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Live Exchange on Tibet Seen as a Stunning, if Puzzling, Success
-- by Tyler Marshall, Times Staff Writer, Los Angeles Times, Sunday, June 28, 1998

BEIJING -- In the eight months since President Clinton's foreign policy team
elevated religious freedom and human rights in Tibet to a priority issue in
Washington's prickly relationship with China, visible progress has been
virtually zero.

Prospects for any kind of breakthrough during Clinton's nine-day trip to
China were considered so bleak that the State Department's recently created
post of Tibet policy coordinator, occupied by Gregory Craig, was not even a
part of the 200-strong American delegation for the trip. And the 14-page
document titled "Achievements of the U.S.-China Summit" issued Saturday after
Clinton's meeting with Chinese President Jiang Zemin does not mention the
word "Tibet."

Then came the extraordinary news conference between the two leaders, and
suddenly, amid the unscripted public exchanges on the most sensitive of
issues that divide the two countries, Tibet burst into the spotlight.

Responding to Clinton's opening statement that included a call for China to
open a dialogue with Tibet's spiritual leader, the Dalai Lama, in return for
the Dalai Lama's pledge to accept that Tibet is part of China, Jiang declared
a conditioned readiness to do just that. "Actually, as long as the Dalai Lama
can publicly make the statement and a commitment that Tibet is an inalienable
part of China, and he must also recognize Taiwan as a province of China, then
the door to dialogue and negotiation is open," Jiang said.

While Jiang repeated his routine denunciation of followers of the Dalai Lama
during the news conference, he conspicuously omitted the personal attacks on
the Dalai Lama himself that almost always accompany Chinese statements on
Tibet.

Clinton, who knows both leaders well, concluded the news conference by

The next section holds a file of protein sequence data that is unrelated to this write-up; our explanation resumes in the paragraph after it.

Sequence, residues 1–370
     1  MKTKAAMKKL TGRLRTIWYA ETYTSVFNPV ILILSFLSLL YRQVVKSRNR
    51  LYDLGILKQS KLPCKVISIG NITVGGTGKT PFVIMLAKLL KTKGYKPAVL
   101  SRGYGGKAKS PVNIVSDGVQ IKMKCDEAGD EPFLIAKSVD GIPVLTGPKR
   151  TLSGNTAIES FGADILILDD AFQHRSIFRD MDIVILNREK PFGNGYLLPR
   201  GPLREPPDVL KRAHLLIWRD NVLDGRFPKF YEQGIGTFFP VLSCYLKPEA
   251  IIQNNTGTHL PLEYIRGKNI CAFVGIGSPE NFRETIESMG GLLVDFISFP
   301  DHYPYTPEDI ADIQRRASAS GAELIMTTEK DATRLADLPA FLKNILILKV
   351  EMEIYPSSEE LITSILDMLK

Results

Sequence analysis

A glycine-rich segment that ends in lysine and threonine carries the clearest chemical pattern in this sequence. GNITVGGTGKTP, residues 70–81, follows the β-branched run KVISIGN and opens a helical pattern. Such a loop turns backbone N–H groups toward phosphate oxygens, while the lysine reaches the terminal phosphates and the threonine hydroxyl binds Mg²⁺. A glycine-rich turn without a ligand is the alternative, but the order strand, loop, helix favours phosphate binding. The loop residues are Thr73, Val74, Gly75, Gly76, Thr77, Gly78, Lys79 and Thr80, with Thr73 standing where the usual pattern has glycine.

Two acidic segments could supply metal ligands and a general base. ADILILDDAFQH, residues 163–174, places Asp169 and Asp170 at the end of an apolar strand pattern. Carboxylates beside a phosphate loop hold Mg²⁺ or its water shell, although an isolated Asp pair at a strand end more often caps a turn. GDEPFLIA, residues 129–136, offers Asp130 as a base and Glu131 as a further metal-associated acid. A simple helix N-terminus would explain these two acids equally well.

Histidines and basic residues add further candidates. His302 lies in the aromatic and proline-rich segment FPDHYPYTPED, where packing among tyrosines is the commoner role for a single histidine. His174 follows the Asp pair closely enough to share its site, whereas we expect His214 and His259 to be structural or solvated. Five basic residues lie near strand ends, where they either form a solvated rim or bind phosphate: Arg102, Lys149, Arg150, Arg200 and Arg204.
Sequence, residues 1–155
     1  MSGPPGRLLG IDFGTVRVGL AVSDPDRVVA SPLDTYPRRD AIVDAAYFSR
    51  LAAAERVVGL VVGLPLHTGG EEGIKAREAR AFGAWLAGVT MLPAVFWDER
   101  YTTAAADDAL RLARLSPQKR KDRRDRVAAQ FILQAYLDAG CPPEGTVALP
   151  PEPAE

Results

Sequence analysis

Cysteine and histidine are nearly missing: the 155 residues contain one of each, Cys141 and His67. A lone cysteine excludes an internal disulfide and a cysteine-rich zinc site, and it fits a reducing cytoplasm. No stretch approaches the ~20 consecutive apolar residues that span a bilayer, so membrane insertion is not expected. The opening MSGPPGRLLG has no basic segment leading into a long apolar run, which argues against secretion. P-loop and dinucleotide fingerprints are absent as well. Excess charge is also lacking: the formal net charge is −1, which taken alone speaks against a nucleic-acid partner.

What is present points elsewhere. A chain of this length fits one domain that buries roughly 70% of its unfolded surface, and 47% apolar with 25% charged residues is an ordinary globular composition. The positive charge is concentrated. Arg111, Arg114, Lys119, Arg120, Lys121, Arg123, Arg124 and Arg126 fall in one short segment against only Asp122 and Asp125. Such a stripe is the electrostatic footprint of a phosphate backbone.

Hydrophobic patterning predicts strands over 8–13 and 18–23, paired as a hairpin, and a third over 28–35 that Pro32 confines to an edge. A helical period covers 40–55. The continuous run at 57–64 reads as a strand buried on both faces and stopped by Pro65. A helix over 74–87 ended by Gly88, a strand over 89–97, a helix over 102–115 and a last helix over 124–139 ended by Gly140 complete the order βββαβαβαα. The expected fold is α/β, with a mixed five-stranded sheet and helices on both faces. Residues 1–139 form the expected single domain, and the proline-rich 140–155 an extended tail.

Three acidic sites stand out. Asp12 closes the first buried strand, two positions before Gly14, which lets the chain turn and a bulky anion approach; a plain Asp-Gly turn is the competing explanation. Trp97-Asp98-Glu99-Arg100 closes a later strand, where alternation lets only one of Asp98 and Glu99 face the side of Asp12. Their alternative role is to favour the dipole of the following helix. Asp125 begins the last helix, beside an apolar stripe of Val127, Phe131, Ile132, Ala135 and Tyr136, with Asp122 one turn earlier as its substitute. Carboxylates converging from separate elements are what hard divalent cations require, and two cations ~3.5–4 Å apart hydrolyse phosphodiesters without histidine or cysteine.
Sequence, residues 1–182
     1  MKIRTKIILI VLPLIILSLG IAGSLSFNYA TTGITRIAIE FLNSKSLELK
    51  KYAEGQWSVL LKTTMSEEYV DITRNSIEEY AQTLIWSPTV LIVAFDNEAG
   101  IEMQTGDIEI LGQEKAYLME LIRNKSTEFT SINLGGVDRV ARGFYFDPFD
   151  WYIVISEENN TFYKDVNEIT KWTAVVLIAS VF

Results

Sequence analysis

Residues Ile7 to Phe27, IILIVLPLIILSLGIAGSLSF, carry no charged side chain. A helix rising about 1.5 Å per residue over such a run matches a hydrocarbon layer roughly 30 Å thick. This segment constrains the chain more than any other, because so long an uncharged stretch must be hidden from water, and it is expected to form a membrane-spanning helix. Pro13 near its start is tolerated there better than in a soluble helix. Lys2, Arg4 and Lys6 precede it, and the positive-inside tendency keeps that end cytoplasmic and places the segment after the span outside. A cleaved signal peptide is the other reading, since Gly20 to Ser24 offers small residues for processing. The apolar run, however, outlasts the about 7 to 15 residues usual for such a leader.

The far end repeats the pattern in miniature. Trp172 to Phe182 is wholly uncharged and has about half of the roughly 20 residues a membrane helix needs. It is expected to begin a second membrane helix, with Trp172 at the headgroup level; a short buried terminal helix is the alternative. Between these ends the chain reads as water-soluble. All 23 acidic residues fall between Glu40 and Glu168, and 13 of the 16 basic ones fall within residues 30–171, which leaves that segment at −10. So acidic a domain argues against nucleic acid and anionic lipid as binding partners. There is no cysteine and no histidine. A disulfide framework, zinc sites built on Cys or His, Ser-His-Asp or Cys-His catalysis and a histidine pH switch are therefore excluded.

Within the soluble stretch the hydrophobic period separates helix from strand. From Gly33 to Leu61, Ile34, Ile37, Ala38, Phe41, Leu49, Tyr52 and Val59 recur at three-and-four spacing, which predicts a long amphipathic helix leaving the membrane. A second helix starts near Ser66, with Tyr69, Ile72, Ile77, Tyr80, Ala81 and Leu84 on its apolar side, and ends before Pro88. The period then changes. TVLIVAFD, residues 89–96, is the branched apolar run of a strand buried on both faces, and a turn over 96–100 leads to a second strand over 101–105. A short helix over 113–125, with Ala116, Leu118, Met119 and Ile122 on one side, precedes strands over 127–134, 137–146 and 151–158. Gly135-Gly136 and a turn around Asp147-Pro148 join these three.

describing the Dalai Lama as "an honest man" and suggesting that if Jiang met
the Tibetan leader, "they would like each other very much." U.S. officials,
clearly caught off balance by the spontaneous exchanges, were reluctant to
assess their possible longer-term impact. The Dalai Lama has already come
close to declaring Tibet a part of China, disavowing any immediate aspiration
for independence. And while Jiang's call for him to recognize Taiwan as a
Chinese province is a new demand, U.S. officials did not see the condition as
insurmountable.

"It's puzzling, but I don't think it's a showstopper," a White House official
said. Followers of the Dalai Lama had a similar initial reaction.

At a Chinese government news conference later in the day, Foreign Ministry
spokesman Zhu Bangzhao quickly fell back to more normal practice, dismissing
the Dalai Lama as one who "wants to split the motherland" and who is the
central obstacle to improving conditions in Tibet.

Still, for Tibetan activists, Saturday's public comments by Chinese and
American leaders--on an issue whose very mention has long been considered by
the Chinese as taboo--were nothing short of a stunning success.

That the exchanges unfolded in China live and apparently uncensored to
television and radio audiences estimated in the hundreds of millions merely
added to the sweetness of the moment.

"We're very pleased that there's an open and public debate on Tibet," said
John Ackerly, president of the Washington-based International Campaign for
Tibet, a nonprofit organization that supports the Dalai Lama's cause. "After
all these years, we're especially glad that Tibetans themselves could see
this. They've worked long and hard to get the issue to this level, and it's
there now."

Awareness of the Tibetan struggle for greater political and human rights has
gradually gained a greater public profile in the United States, especially
among young people, spurred by a series of films, including historical
Hollywood extravaganzas "Seven Years in Tibet" and "Kundun," and a more
recent, modest effort by the Virginia-based filmmaker Paul Wagner, titled
"Windhorse," that focuses on the contemporary struggle for human rights in
Tibet.

Earlier this month, a weekend rock concert promoting the Tibetan cause drew
overflow crowds into RFK Stadium in Washington, D.C. The Clinton
administration's decision to push actively on the long-dormant issue of Tibet
stems in part from Secretary of State Madeleine Albright's intense interest
in human rights.

However, when she raised Tibet during a half-hour meeting with Jiang in May,
she was reportedly treated to an extended lecture.

The administration had sought both the release of at least some Tibetan
prisoners held in Chinese prisons and the opening of a new dialogue between
the Chinese regime and the Dalai Lama.

As the summit neared, expectations were gradually lowered to negotiating a
series of confidence-building measures that might pave the way for talks
between the Chinese government and the Dalai Lama. The Dalai Lama escaped a
Communist Chinese crackdown in 1959 by fleeing to India, where he has lived
since.

Barely 24 hours before Saturday's presidential news conference, Clinton's
national security advisor, Samuel R. "Sandy" Berger, said that "we have made
a number of suggestions relating to . . . Tibet" in talks with the Chinese
regime.

However, he added, "I would not anticipate that we would see the fruits of
those discussions while we are here."




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